Monday, June 8, 2009

The seas are red because they're full of blood, get it?

Scott Lynch's follow up to The Lies of Locke Lamora is the almost as good Red Seas Under Red Skies. Two of the protagonists from The L of LL are back, Lamora himself and his good buddy Jean Tannen. They've relocated to a new city, two years after the bloody denoument of the last book, and are working a long, long con.

The first half of the book is split between the con itself – they're trying some complicated theft/swindle targeting the richest and most dangerous casino owner and gangster in town – and the back story of how they got there. At the end of Locke Lamora, the title character was half dead and Jean wasn't in much better shape. Lynch shows Lamora diving into a big pool of self pity, with Jean forced to repeatedly fish him out. Lamora puts himself back together slowly (in the movie version, there'll be a montage of him re-learning card tricks) until he's ready to take on the big con.

Just as the con gets going, however, it's derailed. The military dictator of their new home town decides to press the two Gentlemen Bastards into service. He's on the verge of a civil war with the town's wealthy merchants. He wants a fake pirate scare, so he has Locke and Jean given a crash course in seamanship and sent out with a crew. They'll ravage the annoying merchants and give the dictator the excuse to make his army and navy even bigger.

Then there are mutinies, battles at sea, numerous assassination attempts, new love, betrayal, more sea battles, more betrayal, and Jean and Locke are squeezed tight between so many clashing factions they're almost squished. The book concludes with an orgy of finales – to the con, the pirate wars, and the fates of half a dozen characters.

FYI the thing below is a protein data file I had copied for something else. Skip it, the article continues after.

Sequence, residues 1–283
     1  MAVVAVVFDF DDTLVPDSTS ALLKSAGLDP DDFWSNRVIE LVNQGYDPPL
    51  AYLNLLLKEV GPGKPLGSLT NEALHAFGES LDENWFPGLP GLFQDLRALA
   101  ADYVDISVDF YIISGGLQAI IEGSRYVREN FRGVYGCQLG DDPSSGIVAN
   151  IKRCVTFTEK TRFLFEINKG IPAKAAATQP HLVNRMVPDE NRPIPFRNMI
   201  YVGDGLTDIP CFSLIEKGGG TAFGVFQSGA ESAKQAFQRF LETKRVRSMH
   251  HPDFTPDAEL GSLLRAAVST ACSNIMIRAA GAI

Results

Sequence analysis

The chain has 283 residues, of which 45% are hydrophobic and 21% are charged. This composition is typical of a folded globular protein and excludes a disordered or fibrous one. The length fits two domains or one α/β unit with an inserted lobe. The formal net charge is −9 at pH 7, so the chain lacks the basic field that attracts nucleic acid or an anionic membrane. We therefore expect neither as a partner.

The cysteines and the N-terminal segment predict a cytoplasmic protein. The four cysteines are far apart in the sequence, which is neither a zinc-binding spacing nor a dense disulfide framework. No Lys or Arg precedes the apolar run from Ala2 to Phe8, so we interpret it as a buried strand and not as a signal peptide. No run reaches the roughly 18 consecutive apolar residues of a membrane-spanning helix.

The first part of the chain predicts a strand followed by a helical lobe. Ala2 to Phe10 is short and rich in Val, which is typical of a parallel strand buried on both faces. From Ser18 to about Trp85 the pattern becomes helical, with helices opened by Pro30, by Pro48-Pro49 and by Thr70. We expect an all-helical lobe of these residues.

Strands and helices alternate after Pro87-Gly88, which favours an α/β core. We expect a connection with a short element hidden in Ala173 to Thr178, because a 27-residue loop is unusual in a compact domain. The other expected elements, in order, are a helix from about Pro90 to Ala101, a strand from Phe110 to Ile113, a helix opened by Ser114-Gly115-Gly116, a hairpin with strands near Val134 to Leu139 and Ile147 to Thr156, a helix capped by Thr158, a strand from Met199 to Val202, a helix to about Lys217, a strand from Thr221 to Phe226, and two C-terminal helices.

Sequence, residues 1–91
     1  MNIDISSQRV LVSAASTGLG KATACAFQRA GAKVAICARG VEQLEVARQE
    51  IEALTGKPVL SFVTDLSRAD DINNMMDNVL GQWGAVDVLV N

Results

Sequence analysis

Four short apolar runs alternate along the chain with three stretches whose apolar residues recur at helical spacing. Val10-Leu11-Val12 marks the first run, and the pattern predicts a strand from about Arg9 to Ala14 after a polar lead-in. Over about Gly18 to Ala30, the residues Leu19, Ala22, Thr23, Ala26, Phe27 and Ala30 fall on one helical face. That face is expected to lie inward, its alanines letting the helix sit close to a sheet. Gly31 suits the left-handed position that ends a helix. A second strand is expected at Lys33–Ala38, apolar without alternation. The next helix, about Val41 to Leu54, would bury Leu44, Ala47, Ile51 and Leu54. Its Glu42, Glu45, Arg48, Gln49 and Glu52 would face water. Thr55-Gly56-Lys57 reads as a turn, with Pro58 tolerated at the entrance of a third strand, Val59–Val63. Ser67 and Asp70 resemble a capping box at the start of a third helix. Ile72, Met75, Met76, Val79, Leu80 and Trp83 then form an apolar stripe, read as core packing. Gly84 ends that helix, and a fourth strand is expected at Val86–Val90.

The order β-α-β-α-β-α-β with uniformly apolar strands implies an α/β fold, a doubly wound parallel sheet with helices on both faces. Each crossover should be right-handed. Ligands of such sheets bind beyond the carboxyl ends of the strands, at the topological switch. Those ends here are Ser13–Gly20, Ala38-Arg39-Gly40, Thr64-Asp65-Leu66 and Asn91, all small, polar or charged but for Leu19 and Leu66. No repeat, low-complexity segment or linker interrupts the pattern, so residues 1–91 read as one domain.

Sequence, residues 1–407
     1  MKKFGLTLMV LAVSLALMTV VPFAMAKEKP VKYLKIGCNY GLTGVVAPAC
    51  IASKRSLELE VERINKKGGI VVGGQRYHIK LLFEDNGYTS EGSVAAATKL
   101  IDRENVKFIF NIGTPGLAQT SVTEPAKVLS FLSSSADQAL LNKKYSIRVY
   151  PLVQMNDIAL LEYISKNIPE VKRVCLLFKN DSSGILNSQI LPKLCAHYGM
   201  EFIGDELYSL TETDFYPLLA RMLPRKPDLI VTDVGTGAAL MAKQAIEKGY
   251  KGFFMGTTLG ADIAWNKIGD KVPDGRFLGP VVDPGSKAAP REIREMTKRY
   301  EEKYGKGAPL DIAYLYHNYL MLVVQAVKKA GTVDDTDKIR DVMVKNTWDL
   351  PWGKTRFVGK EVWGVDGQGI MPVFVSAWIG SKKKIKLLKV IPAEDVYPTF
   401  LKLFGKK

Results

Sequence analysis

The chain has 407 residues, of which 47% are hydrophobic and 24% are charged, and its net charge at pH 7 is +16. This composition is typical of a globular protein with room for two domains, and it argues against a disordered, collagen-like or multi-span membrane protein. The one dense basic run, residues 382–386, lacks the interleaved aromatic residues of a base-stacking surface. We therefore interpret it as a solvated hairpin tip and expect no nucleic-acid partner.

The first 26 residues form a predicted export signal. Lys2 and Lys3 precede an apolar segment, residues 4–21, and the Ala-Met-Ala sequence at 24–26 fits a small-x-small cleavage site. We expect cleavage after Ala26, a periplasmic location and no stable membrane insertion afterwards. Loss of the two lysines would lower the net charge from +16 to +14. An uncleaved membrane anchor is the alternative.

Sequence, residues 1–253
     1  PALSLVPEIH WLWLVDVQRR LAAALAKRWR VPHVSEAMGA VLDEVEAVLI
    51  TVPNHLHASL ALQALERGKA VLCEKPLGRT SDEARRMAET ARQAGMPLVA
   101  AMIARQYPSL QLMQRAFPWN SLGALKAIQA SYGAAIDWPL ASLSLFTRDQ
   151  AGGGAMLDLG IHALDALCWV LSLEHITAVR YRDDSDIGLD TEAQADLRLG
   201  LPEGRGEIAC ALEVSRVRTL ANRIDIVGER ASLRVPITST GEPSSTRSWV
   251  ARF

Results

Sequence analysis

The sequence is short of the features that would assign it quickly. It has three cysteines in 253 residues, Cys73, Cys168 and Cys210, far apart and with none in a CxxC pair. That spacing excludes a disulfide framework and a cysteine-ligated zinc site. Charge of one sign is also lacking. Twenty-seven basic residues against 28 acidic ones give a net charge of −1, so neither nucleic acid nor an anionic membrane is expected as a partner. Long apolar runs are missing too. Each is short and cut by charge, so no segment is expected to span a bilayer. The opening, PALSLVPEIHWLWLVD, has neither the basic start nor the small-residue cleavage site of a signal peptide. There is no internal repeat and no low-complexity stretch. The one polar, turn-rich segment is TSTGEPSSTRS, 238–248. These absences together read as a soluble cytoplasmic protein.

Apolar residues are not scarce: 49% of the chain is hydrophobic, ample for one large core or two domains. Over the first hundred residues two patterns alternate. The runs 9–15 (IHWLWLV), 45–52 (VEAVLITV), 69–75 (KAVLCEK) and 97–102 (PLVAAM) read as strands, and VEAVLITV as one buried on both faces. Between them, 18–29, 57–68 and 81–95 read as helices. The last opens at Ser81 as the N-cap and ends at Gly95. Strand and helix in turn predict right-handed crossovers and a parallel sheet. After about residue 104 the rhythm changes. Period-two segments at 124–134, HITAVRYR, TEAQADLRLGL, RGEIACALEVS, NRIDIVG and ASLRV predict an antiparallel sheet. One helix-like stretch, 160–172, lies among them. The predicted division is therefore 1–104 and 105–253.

On a page to page level, the book is almost as good as LoLL. Locke and Jean are still compelling characters, and the pirates, casino owners, various henchmen and others are colourfully drawn. The new city – I still can't remember the damn place's name – just isn't as lively or as fully realized as Camorr, however. The pirate ships prove a better setting.

My key complaints with the book are twofold. First, the flashback structure doesn't work as well here as it did in The Lies of Locke Lamora. In that book, we were learning about the education and allegiances of the Gentlemen Bastards as we watched them doing their job in the present day. In Red Seas, an enormous amount of time is spent in the first few flashbacks on Locke being miserable, but we already know he gets over this in time to jump into the big con game. It all feels too drawn out, and it hurts the book's forward momentum. Second, the grumbling and personality conflicts between Locke and Jean feel a bit contrived. They seem to constantly be offending, disappointing or annoying one another. It never amounts to anything, though. There just isn't enough conflict to tear the duo apart.

Oh, and yet again the love of Locke's life is referred to, but does not appear. Two books running is a bit much to drag out such a key plot point.

Still, it's very deserving of the label swashbuckling. Fun characters, a fun world, and a fun adventure. If you liked the first book, by all means read it and move on to this one.

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